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Is there a secret to having more productive conversations with family and friends about hot button issues?
Marshall Rosenberg, the creator of Nonviolent Communication (NVC), identified a set of universal human needs that he believed underlie our feelings and behaviors. These needs are considered fundamental and shared by all people across cultures. In the framework of Nonviolent Communication, these needs serve as a basis for understanding and resolving conflicts.
As a therapist in Oakland, CA, a consistent goal of both individual and couples therapy is increasing the ability to be introspective and to generally encourage introspection in understanding how you make choices and how you experience yourself in relationships. How important is learning the skill of introspection in therapy?
Is your communication going off the rails? If so it probably includes some of the below.
Attachment theory isn't the only way to think of how you and your partners show up in relationships. The Relationship Grid developed by Terry Real can be helpful to identify the strategies you use when stressed or in conflict.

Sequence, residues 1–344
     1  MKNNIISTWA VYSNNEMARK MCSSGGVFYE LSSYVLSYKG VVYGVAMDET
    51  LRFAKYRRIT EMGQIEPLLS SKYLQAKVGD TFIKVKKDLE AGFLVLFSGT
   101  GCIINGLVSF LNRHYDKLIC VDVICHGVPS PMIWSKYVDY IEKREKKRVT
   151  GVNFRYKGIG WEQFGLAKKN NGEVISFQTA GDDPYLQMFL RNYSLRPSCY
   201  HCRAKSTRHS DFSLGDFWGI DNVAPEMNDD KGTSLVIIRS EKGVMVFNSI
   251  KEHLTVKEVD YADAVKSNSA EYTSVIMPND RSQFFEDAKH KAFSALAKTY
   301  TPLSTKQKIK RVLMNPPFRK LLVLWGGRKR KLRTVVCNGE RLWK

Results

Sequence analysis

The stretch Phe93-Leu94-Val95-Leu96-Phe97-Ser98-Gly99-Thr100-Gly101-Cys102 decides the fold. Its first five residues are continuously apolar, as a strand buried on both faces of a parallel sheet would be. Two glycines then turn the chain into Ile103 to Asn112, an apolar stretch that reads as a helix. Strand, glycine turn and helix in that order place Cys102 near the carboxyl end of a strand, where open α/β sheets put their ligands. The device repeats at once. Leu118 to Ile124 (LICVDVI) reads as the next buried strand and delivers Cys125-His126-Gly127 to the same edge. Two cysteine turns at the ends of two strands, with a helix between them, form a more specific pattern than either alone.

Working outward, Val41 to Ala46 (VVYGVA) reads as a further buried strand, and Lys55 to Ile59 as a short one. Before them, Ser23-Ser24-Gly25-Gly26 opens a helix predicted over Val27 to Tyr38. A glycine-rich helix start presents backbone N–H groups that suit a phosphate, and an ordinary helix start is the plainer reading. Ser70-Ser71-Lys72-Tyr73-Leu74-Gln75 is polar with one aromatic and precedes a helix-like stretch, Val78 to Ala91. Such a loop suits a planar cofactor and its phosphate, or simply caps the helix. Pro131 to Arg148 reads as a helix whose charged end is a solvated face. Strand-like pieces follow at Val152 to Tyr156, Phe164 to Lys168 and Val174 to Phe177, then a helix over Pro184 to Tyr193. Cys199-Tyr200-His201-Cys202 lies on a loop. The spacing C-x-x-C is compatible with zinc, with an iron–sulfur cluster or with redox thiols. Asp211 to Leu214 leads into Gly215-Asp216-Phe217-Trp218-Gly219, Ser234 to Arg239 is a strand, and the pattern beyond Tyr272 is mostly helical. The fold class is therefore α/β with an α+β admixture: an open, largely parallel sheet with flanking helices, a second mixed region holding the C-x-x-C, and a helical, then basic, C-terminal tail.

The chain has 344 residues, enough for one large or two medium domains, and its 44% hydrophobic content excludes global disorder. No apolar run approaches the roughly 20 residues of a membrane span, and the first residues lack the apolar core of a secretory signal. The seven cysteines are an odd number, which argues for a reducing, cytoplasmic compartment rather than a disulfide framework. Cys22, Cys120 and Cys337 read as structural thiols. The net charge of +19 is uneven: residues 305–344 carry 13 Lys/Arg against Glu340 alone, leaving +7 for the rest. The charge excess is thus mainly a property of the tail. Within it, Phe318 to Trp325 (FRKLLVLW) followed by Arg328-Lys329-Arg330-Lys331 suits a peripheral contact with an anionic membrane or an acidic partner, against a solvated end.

Which quadrant do you find yourself?
Are you trying to get rid of your anger? Are you trying to calm your friends and partner down when they feel angry? Here's why you may want to reconsider that approach...
🔥 𝘙𝘦𝘭𝘢𝘵𝘪𝘯𝘨 𝘵𝘰 𝘺𝘰𝘶𝘳 𝘰𝘸𝘯 𝘢𝘯𝘥 𝘰𝘵𝘩𝘦𝘳𝘴' 𝘢𝘯𝘨𝘦𝘳 𝘪𝘴 𝘢 𝘱𝘢𝘵𝘩𝘸𝘢𝘺 𝘵𝘰 𝘨𝘳𝘦𝘢𝘵𝘦𝘳 𝘪𝘯𝘵𝘪𝘮𝘢𝘤𝘺. 🔥 Ever heard the term "blind rage"? If you relate, read below...
As a couples therapist in Oakland, CA, I often advise partners to "approach the bear" when their partner is angry. 🔥 𝘙𝘦𝘭𝘢𝘵𝘪𝘯𝘨 𝘵𝘰 𝘺𝘰𝘶𝘳 𝘰𝘸𝘯 𝘢𝘯𝘥 𝘰𝘵𝘩𝘦𝘳𝘴' 𝘢𝘯𝘨𝘦𝘳 𝘪𝘴 𝘢 𝘱𝘢𝘵𝘩𝘸𝘢𝘺 𝘵𝘰 𝘨𝘳𝘦𝘢𝘵𝘦𝘳 𝘪𝘯𝘵𝘪𝘮𝘢𝘤𝘺. 🔥
𝖆𝖈𝖙𝖎𝖛𝖊 𝖑𝖎𝖘𝖙𝖊𝖓𝖎𝖓𝖌 is simple in concept but at times, difficult to execute. As a queer couples therapist in Oakland, CA, I often coach clients and provide opportunity to use 𝖆𝖈𝖙𝖎𝖛𝖊 𝖑𝖎𝖘𝖙𝖊𝖓𝖎𝖓𝖌 skills. 𝖆𝖈𝖙𝖎𝖛𝖊 𝖑𝖎𝖘𝖙𝖊𝖓𝖎𝖓𝖌 is listening with the intention of deeply understanding another person 𝕒𝕟𝕕 helping another person ✨feel✨ you are fully present to hear about and understand their experience.
***Resources are not a substitute for therapy and are not intended for making diagnoses or providing treatment. Not all practices and tools are suitable for every person. Please discuss exercises, practices, and tools with your individual therapist or health care provider.